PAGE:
This tension between preservation of privacy interests on the one hand, and a call for greater transparency on the other, is playing out not just in Georgia but around the country. For example, in Massachusetts, some municipalities are releasing specific numbers about COVID cases, and even COVID deaths, within their boundaries, citing the need to keep the public informed. Other municipalities, however, are declining to release numbers, instead referring the public only to the county-based statistics provided by the state health department.

Clare Norins

Oklahoma is another example. There, local government officials and citizens have been frustrated by the state’s refusal to provide more specific, yet still non-identifying, information about confirmed COVID cases. Such information, they say, would help them to make more informed personal and public health decisions.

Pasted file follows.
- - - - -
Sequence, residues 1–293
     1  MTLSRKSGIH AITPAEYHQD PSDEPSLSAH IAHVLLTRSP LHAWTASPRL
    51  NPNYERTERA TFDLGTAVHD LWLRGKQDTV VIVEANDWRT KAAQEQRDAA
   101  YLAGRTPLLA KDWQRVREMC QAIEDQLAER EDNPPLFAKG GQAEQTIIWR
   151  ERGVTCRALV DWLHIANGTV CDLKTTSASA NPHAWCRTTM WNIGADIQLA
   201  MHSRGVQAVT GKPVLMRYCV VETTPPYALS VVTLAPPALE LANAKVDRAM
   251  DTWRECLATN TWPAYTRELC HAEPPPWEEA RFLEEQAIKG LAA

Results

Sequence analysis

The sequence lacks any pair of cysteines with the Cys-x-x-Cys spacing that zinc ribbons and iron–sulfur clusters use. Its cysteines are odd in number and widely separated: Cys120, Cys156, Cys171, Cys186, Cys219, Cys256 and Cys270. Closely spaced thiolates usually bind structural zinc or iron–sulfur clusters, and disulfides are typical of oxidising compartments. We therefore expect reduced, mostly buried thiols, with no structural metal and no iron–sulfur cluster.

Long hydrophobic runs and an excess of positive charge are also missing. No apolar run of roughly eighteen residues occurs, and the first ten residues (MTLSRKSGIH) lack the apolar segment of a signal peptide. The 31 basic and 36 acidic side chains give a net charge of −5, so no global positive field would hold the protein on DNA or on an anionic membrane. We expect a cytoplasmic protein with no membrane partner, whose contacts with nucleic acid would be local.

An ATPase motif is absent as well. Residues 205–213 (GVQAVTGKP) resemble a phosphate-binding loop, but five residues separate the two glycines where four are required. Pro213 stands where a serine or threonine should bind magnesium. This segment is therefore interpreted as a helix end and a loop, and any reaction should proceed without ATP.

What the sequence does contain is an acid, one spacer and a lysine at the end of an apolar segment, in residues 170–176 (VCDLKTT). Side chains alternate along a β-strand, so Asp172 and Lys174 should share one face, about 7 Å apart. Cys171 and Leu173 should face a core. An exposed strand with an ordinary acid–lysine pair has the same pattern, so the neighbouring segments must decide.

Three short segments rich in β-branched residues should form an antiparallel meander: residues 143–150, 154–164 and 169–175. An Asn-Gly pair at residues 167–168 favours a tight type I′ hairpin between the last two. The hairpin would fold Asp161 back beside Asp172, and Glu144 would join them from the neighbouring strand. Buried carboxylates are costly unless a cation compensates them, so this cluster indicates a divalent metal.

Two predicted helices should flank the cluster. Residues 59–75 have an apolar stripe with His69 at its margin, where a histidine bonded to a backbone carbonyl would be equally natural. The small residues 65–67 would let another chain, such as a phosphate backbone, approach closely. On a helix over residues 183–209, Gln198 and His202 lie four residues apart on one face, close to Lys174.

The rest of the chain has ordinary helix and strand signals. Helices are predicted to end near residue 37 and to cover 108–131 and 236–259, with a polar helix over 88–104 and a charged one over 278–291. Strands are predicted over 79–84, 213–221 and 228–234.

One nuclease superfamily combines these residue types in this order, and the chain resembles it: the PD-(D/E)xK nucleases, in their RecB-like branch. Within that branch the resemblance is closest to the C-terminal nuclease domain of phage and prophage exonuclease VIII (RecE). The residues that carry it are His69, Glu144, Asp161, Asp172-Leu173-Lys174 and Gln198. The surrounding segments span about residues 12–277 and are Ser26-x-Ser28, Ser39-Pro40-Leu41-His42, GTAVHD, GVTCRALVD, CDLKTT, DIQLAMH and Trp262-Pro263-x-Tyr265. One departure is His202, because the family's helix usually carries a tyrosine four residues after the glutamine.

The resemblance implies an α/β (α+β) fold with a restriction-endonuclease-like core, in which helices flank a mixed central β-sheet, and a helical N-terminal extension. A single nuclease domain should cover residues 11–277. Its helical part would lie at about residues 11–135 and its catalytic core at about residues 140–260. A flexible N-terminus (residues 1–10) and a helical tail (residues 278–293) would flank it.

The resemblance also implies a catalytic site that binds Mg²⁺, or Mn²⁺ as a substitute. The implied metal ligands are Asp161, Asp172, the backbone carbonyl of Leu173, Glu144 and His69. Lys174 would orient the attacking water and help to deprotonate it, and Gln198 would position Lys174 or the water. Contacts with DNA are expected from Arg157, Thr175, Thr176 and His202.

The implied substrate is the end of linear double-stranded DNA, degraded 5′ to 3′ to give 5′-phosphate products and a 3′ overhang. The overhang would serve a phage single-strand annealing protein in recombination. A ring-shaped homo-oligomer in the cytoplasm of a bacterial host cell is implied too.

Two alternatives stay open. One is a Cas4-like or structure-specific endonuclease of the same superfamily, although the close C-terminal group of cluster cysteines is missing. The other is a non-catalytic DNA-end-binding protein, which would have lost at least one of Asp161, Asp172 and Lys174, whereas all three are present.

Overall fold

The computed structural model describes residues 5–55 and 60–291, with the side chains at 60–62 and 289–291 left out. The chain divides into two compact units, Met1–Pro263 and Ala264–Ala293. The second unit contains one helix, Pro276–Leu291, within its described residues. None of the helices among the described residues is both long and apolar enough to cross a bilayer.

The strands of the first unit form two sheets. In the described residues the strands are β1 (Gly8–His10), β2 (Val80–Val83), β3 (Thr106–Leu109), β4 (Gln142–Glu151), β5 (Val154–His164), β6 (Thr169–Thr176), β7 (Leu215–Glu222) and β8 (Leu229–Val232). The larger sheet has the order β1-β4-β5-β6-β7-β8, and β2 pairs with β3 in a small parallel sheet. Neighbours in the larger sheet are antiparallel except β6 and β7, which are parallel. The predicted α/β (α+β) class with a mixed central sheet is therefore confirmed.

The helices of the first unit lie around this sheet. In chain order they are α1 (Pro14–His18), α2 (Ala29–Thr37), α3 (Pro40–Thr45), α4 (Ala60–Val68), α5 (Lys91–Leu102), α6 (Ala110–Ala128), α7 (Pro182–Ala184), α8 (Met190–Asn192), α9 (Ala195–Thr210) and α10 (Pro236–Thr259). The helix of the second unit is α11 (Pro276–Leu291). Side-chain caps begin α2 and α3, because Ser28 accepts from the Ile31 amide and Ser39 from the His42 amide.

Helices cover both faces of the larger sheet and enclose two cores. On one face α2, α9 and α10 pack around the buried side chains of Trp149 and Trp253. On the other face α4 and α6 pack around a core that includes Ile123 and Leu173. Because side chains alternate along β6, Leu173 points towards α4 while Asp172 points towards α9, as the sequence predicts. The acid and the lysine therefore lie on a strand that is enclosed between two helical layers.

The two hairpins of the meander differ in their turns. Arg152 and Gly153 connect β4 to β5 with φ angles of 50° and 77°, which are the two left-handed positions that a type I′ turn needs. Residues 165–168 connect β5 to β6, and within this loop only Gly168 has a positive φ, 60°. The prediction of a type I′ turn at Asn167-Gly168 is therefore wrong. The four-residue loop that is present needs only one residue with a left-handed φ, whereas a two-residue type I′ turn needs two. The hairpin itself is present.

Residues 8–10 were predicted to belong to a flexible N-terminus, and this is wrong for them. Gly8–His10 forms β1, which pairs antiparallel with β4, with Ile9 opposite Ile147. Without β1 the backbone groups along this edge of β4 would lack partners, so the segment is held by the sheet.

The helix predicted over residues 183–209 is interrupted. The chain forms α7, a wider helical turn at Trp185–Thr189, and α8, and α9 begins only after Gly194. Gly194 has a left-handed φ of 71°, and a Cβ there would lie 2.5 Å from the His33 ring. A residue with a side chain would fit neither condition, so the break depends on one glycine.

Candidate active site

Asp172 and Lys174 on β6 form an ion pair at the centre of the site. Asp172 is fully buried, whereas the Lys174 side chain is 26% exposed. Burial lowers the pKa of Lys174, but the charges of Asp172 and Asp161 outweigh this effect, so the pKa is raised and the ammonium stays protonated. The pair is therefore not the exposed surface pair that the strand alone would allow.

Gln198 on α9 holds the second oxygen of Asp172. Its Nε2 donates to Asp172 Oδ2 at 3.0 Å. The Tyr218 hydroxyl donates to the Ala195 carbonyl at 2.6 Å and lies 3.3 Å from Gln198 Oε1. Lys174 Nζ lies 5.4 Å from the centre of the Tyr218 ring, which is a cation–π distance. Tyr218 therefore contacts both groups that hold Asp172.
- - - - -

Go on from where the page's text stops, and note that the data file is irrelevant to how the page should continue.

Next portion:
Meanwhile, South Carolina’s Department of Public Health and Environmental Control has taken an additional step toward transparency by making data on positive COVID cases available by ZIP code.  So, too, has Illinois.

Localized information on COVID-19 would prompt precautions

In response to calls for greater transparency, state public health officials here and elsewhere are encouraging people to assume that they could come into contact with someone infected with COVID-19 at any time, and to take precautions accordingly. It would be far more impactful if people truly understood the virus’ proximity and escalation. For instance, knowing that a certain number of people in your town have tested positive for COVID-19 or that someone from your workplace, your child’s school or the elder care facility where your parent lives has far greater meaning than simply knowing that X number of random people somewhere in your county tested positive for COVID-19. Localized information is also more persuasive. When people understand how the disease is spreading in their town, they are more likely to take precautionary measures.